Roundtable Group Sends 'Member Mortgage Relief Initiative' to NCUA
SEATTLE -- The CU Housing Roundtable has sent a proposal to the NCUA, asking to make $1 billion in central liquidity facility funds available to natural person credit unions to assist with problem real estate loans.
The group, led by executives from Tukwila, Wash.-based Prime Alliance Solutions, its majority owner the $8.5 billion Boeing Employees Credit Union and other players in the credit union mortgage lending scene, presented the Member Mortgage Relief Initiative to the NCUA Oct. 21.
MMRI aims to provide credit union members with short-term mortgage relief, while freeing up funds for participating credit unions, so they "can keep lending and helping more members."
If implemented, the initiative would deliver $1 billion, taken from CLF or other sources, to natural person credit unions through the corporate system.
"We think that's a legit use of a resource that is out there," said BECU President/CEO Gary Oakland, when asked about the possibility of accessing CLF funds for the project.
"It's the idea of using all elements--individual credit unions, the corporates, the CLF, the NCUA--to come up with a way that we can show what we're all about, which is diving right down to the member level and providing some real help," Oakland added.
The funds would be paid back, he said, and it would not be considered "bailout money." Rather, Oakland said, the roundtable group views the initiative as a way to help members, who wouldn't otherwise receive assistance, using available funding in an appropriate risk structure.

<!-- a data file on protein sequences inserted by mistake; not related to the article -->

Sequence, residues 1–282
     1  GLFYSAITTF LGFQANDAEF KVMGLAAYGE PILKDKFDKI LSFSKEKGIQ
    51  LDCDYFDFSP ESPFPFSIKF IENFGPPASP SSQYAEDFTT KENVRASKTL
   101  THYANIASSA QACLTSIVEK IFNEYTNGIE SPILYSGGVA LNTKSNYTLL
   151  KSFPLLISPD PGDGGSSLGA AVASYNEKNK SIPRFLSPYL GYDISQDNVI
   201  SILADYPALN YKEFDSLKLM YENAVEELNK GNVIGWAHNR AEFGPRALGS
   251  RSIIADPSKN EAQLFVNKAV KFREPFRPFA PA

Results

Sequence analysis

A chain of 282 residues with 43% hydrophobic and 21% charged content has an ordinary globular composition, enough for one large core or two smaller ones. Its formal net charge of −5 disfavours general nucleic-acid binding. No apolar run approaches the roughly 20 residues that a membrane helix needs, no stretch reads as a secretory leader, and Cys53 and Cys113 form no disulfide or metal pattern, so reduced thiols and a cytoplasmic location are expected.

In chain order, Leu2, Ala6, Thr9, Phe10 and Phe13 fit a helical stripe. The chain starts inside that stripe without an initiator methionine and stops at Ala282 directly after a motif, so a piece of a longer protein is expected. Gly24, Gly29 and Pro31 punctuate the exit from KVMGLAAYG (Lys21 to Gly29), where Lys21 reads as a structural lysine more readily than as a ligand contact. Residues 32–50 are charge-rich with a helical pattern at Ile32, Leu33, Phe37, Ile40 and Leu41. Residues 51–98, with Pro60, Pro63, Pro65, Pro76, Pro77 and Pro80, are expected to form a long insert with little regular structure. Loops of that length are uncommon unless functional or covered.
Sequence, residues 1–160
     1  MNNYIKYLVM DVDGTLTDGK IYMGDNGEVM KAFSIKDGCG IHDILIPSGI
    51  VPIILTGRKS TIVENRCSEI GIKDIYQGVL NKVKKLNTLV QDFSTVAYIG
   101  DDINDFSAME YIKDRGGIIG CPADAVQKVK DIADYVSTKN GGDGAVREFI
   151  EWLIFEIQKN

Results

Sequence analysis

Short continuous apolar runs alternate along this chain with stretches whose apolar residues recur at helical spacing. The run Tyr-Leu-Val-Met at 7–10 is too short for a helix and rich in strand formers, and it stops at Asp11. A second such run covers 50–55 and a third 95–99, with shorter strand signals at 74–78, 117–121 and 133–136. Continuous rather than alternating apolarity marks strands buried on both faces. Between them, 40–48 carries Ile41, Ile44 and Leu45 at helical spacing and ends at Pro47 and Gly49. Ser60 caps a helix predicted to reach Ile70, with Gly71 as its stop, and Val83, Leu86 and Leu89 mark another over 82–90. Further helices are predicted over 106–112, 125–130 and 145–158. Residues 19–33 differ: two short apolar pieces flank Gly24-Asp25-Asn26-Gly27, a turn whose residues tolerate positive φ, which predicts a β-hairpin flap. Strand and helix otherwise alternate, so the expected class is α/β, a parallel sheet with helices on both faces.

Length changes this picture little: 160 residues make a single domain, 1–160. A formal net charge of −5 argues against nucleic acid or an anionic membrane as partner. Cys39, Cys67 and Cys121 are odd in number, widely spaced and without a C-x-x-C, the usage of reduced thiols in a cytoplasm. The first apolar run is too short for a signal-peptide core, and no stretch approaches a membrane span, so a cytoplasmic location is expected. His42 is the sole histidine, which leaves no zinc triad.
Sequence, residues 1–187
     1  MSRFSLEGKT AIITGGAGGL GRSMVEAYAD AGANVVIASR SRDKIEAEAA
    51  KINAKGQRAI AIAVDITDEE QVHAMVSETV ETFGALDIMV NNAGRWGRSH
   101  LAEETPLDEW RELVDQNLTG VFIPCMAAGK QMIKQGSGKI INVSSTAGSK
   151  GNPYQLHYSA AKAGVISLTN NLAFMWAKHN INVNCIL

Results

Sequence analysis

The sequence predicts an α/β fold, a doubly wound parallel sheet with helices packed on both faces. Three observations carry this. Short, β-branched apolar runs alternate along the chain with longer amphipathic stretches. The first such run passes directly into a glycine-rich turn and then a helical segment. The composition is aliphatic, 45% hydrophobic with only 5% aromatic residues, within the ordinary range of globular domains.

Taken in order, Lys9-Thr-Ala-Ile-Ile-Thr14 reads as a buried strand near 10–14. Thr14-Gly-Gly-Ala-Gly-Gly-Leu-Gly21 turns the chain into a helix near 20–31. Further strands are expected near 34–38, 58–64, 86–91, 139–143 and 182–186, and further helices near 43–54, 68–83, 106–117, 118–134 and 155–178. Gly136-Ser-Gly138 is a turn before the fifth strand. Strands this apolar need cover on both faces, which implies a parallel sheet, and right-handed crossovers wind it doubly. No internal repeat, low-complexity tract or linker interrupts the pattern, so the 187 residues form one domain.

Credit unions could modify, pay off or bring current existing first or second real estate loans on primary residences only. Members must also be in good standing and be able to demonstrate economic distress.
The MMRI was born from a white paper entitled "Post-Subprime Housing Finance," which the roundtable presented to members on Oct. 17 during its annual meeting in Seattle. At that same meeting, the group presented two other papers, including one that explores ways to create a credit union-controlled secondary-mortgage market.
The group's Web site (http://www.cuhousingroundtable.com) states it hopes to have the program up and running as soon as Thanksgiving, a date Oakland said he's still aiming to make.
"The fact of the matter is, there have been a lot of solutions that have been implemented, in part, at the government level in very short periods of time," Oakland said. "Unfortunately, most of those solutions have focused on saving the institution, not the consumer. What we see here is an opportunity to use elements of the credit union system in a cooperative manner that's going to focus keeping members in their homes, rather than saving institutions."
NCUA Spokesman John McKechnie said the agency is open to discussions on the topic but "no determinations or actions regarding this proposal have been taken."